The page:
There is a tendency for fans and pundits to select their England team in a similar way to fantasy football; their desire to see England cast off the shackles and throw caution to the wind for once leads to tactical recommendations that would not be seen either at club level or in other elite international teams.
Sometimes, even the managers are swept up in it; Roy Hodgson fielded Danny Welbeck, Raheem Sterling, Wayne Rooney and Daniel Sturridge all in the same team in World Cup 2014 and Dele Alli, Adam Lallana and Harry Kane alongside Rooney and Sterling in France two years ago, with just Eric Dier protecting the defence.
Gareth Southgate’s formation for England’s penultimate Russia 2018 warm-up match, the 2-1 win over Nigeria at Wembley – where he fielded Alli and Jesse Lingard either side of Dier, with Sterling behind Kane – hinted at a similarly adventurous approach.
That system may work against the ‘smaller’ nations, such as Tunisia and Panama, who England face in their first two Group G matches, where England need to be on the front foot and the threat of a counter attack isn’t so great.
However, as uninspiring as it may be, a two-man holding midfield axis of Dier and Jordan Henderson may well be needed against the elite nations, should the Three Lions get that far.
It won’t go down well with those who want to see a tubthumping England side, but it is a tactically mature idea; even Brazil, famed for their Samba style, now shield their defence with a holding duo, well aware that their current crop is not vintage and that having elite attackers isn’t that useful without keeping the back door shut behind.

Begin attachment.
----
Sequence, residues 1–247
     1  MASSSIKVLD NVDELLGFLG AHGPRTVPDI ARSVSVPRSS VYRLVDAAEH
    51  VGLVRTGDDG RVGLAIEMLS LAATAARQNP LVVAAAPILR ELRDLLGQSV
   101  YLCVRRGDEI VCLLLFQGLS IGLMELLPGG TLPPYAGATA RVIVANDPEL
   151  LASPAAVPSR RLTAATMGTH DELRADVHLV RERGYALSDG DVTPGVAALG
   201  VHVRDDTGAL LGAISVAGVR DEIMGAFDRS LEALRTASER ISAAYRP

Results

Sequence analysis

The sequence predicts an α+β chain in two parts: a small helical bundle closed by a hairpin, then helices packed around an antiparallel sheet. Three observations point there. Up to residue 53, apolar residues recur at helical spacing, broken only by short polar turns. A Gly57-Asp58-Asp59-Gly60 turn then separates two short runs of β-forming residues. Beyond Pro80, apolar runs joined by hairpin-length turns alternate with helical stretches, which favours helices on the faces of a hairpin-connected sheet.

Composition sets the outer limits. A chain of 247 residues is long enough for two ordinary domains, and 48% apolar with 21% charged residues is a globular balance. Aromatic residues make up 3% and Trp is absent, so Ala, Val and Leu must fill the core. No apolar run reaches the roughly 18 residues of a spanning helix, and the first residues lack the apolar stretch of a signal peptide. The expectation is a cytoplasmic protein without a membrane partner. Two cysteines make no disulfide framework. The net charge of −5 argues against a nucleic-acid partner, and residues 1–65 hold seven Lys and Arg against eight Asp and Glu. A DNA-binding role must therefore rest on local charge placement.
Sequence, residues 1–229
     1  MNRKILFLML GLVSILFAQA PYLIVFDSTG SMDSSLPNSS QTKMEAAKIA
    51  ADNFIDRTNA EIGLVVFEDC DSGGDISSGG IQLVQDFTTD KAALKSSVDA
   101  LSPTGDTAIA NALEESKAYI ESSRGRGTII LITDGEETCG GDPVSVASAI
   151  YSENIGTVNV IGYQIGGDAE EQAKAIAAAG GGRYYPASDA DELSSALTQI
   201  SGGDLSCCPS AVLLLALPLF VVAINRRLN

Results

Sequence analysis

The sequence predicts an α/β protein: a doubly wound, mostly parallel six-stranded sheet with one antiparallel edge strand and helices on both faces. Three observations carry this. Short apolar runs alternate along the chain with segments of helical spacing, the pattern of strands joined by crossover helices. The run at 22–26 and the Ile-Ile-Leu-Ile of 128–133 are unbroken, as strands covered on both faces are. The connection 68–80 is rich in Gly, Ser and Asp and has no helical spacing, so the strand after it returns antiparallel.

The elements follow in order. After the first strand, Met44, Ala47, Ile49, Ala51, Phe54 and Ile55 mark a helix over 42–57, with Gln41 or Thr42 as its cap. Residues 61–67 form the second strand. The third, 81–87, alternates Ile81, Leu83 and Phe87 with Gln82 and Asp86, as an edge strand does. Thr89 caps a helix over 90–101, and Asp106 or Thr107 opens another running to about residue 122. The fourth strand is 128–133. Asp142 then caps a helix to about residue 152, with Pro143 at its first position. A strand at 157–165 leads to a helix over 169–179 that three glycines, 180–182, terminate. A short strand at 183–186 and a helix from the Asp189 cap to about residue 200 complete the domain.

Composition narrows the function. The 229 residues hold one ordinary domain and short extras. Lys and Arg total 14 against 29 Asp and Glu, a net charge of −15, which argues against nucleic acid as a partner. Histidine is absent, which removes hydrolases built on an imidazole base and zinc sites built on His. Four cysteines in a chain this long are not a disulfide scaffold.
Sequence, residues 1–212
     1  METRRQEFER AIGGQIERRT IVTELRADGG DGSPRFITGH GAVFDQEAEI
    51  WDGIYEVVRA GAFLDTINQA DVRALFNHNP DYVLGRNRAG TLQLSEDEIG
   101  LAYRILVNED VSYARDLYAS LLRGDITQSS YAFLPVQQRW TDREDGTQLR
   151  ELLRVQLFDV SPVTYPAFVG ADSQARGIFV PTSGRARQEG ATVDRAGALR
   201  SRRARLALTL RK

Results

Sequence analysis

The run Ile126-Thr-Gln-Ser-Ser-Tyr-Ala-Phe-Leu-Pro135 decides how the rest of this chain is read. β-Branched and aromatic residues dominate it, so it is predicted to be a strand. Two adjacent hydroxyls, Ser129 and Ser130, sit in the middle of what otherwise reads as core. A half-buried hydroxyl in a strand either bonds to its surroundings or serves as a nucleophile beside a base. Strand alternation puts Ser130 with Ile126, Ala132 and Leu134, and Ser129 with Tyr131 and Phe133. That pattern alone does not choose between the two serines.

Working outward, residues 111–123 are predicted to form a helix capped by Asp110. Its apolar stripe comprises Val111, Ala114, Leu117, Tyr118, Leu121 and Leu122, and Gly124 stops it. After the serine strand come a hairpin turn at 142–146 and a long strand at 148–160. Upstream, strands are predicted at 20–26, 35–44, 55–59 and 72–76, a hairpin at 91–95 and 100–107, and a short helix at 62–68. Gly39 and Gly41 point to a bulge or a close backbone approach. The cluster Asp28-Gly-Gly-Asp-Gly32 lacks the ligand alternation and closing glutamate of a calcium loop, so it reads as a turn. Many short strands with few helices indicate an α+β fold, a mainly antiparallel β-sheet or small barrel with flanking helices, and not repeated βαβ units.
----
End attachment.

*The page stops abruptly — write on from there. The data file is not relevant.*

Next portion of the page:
It remains to be seen if Southgate thinks that way, but it may well be that Alli and Lingard will go from playing alongside each other in midfield to competing for the most advanced spot in the engine room.
Looking at the stats makes the perception of the two players’ seasons interesting; Lingard is seen as having the season of his career, while the Alli is perceived as having dropped his level in the past year.
Yet, the Tottenham man is ahead on all the statistical measures and his closer relationship with Harry Kane is something else that may give him the edge.
Also, Alli is more of a central midfielder, who can burst forward at this stage of his career but may also end up playing further back anyway; whereas Lingard is a converted winger, and now a number 10.
He is disciplined and hard working, but Alli feels a more natural fit to settle into the midfield trio, arriving late onto crosses to slot home.
But who would you choose? Let us know by voting between Alli and the £31.5m-rated Lingard below…